One of the enduring ironies of medieval history is the fact that a group of Italian lay penitents, begging in sackcloths, led by a man who called himself simple and ignorant, turned in a short time into a very popular and respectable order, featuring cardinals and university professors among its ranks. Within a century of its foundation, the Order of Friars Minor could claim hundreds of permanent houses, schools, and libraries across Europe; indeed, alongside the Dominicans, they attracted the best minds and produced many outstanding scholars who were at the forefront of Western philosophical and religious thought. In The Poor and the Perfect, Neslihan Şenocak provides a grand narrative of this fascinating story in which the quintessential Franciscan virtue of simplicity gradually lost its place to learning, while studying came to be considered an integral part of evangelical perfection. Not surprisingly, turmoil accompanied this rise of learning in Francis's order. Şenocak shows how a constant emphasis on humility was unable to prevent the creation within the Order of a culture that increasingly saw education as a means to acquire prestige and domination. The damage to the diversity and equality among the early Franciscan community proved to be irreparable. But the consequences of this transformation went far beyond the Order: it contributed to a paradigm shift in the relationship between the clergy and the schools and eventually led to the association of learning with sanctity in the medieval world. As Şenocak demonstrates, this episode of Franciscan history is a microhistory of the rise of learning in the West.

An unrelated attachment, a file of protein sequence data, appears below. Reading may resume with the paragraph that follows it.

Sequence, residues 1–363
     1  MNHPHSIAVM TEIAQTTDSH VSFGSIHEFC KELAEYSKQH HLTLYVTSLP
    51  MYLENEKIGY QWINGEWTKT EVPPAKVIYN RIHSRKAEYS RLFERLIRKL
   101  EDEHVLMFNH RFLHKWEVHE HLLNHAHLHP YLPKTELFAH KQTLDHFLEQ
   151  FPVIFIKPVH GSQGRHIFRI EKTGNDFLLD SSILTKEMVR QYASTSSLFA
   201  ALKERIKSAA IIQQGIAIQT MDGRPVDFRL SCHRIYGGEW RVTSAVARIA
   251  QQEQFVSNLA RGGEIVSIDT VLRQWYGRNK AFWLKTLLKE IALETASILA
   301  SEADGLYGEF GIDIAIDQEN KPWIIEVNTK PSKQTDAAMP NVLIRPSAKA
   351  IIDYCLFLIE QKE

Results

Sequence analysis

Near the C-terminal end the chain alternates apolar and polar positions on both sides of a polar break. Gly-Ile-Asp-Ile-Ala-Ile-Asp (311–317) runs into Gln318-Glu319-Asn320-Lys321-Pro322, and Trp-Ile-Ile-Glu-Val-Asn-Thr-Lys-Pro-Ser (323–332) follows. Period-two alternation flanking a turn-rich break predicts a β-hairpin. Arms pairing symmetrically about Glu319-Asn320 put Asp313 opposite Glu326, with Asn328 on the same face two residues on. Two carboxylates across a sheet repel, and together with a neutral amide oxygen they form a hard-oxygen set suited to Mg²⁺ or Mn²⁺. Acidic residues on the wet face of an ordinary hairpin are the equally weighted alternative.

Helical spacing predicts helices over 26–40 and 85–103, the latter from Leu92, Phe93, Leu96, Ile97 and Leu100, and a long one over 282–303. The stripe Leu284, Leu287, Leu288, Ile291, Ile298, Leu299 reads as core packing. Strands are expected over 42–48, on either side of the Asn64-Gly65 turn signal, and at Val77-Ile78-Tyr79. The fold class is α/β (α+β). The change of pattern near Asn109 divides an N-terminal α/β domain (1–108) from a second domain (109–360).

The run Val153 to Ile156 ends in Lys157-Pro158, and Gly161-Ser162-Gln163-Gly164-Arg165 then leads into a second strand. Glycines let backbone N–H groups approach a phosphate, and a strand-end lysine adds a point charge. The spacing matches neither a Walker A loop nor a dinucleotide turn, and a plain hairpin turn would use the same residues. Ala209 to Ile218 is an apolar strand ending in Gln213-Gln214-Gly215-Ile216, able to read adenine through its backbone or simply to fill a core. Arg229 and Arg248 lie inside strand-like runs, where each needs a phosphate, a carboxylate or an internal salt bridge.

Isle of the Saints

Isle of the Saints Author Lisa M. Bitel
ISBN-10 0801481570
Release 1994-02-01
Pages 268
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Isle of the Saints recreates the harsh yet richly spiritual world of medieval Irish monks on the Christian frontier of barbarian Europe. Lisa Bitel draws on accounts of saints' lives written between 800 and 1200 to explain, from the monks' own perspective, the social networks that bound them to one another and to their secular neighbors.